Sunday, January 17, 2010

Dubai World: Debt Trading

In mature financial markets debt trading is a normal activity and provides depth and liquidity to the market. It allows lenders to lighten their position, add on new better spread business and indeed creates a secondary market that is conducive to the financial system. Generally debt traded is securitized paper, i.e. bonds and notes, and there is niche market for syndicated debt obligations, or bilateral debts. It is this second market where the bulk of the trading is done on a bi-lateral basis and the scope and coverage of debt varies from sovereign debt, both of a good quality and troubled debt, to corporate debt. Some astute operators actually make a good amount of money in dealing with this debt.

The report, whether press speculation or not, that some of Dubai World's debt is being traded now comes with mixed feelings to me. In normal circumstances I would agree this is a healthy thing. At the worst it suggests that some of the debt holders are getting frustrated with the progress on the restructuring of the debt. However, as the report suggests, for the moment it is smaller players, i.e. smaller international banks, who are getting rid of their positions, and this is something I would have expected much earlier. Indeed, in the period between Nov 25, 2009 and December 14, 2009 (when the Sukuk was paid) there was allegedly a good amount of trading in the secondary market.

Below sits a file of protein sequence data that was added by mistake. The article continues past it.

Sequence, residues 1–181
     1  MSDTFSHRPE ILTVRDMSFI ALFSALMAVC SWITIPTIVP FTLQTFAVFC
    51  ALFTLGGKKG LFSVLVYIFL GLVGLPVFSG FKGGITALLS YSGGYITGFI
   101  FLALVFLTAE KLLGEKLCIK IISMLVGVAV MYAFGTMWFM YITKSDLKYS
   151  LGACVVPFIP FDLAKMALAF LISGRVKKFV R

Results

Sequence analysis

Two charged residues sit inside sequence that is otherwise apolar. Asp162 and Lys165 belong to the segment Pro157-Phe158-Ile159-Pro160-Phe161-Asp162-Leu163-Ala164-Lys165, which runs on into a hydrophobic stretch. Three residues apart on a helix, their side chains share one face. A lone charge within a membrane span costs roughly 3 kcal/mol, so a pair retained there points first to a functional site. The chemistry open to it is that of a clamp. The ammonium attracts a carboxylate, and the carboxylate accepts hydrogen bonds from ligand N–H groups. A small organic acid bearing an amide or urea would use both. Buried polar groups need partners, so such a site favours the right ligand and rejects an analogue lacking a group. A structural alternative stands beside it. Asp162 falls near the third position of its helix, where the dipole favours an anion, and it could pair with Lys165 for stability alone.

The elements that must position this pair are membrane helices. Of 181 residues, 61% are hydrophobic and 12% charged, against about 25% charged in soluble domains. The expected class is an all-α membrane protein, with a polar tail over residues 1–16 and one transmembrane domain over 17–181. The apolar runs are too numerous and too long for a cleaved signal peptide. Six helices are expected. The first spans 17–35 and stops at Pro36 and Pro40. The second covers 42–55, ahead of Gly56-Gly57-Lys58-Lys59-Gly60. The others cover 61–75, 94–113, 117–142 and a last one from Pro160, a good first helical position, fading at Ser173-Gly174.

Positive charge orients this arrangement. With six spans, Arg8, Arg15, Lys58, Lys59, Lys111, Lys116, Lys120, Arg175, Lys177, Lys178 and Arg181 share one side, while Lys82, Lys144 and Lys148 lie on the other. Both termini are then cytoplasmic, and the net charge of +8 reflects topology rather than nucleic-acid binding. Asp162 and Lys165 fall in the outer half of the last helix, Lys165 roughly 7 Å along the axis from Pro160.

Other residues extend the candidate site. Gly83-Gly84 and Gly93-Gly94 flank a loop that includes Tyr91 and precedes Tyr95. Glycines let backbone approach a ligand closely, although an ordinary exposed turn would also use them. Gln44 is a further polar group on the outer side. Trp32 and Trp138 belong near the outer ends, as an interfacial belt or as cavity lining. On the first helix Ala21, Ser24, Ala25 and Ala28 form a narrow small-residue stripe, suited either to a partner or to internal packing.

I had in a previous blog mentioned what I would do if I was handling the Dubai World crisis, (not that I would be asked), and I would just relate that to this piece of news now. What is needed most of all is that Dubai World puts into place measures for confidence building and these would include seeing that are the real issues that are holding up an agreement with the banks. I imagine banks wanting interest servicing and structuring of the new debt to be linked. The report that the debt is offered at 70% of face value is a bit troubling because it might suggest that the negotiations may be surrounded by talks of a 'hair cut' on the principle amount. If indeed the debt is traded out then this complicates matters and a new creditor has to enter into the negotiations, who may either negotiate harder or just be adroit in his position; and we all know it just takes one bad egg to spoil an omellette. I believe that at this stage there should be no talk of 'haircuts' on the principal debt it unnecessarily bargains a short term gain for a loss of reputation that cannot be afforded to be lost.

I also would think that this debt trading is perhaps a signal from some lenders to simply complicate matters by throwing in the towel, cutting their losses and letting a new set of players deal with this. All this would mean further delays.

On the other hand Dubai World had asked till April 2010 to agree new terms with the lenders, so in a sense there is time, and yet in the scheme of how the world is that is not a great deal of time. So for the moment my own guess is this debt trading is a signal for all parties to hunker down and come to a broad agreement as quick as is possible, which will then allow time for the documentation to fall into place. I am sure that in the end there will be a successful resolution to this matter and as much as it it needs time it also needs focus and clarity on the broader issues that one has to deal with.

I personally feel in the current situation the news that the debt is being offered for trading cannot be all that good. However, it might be just the news that is needed to get things moving forward.

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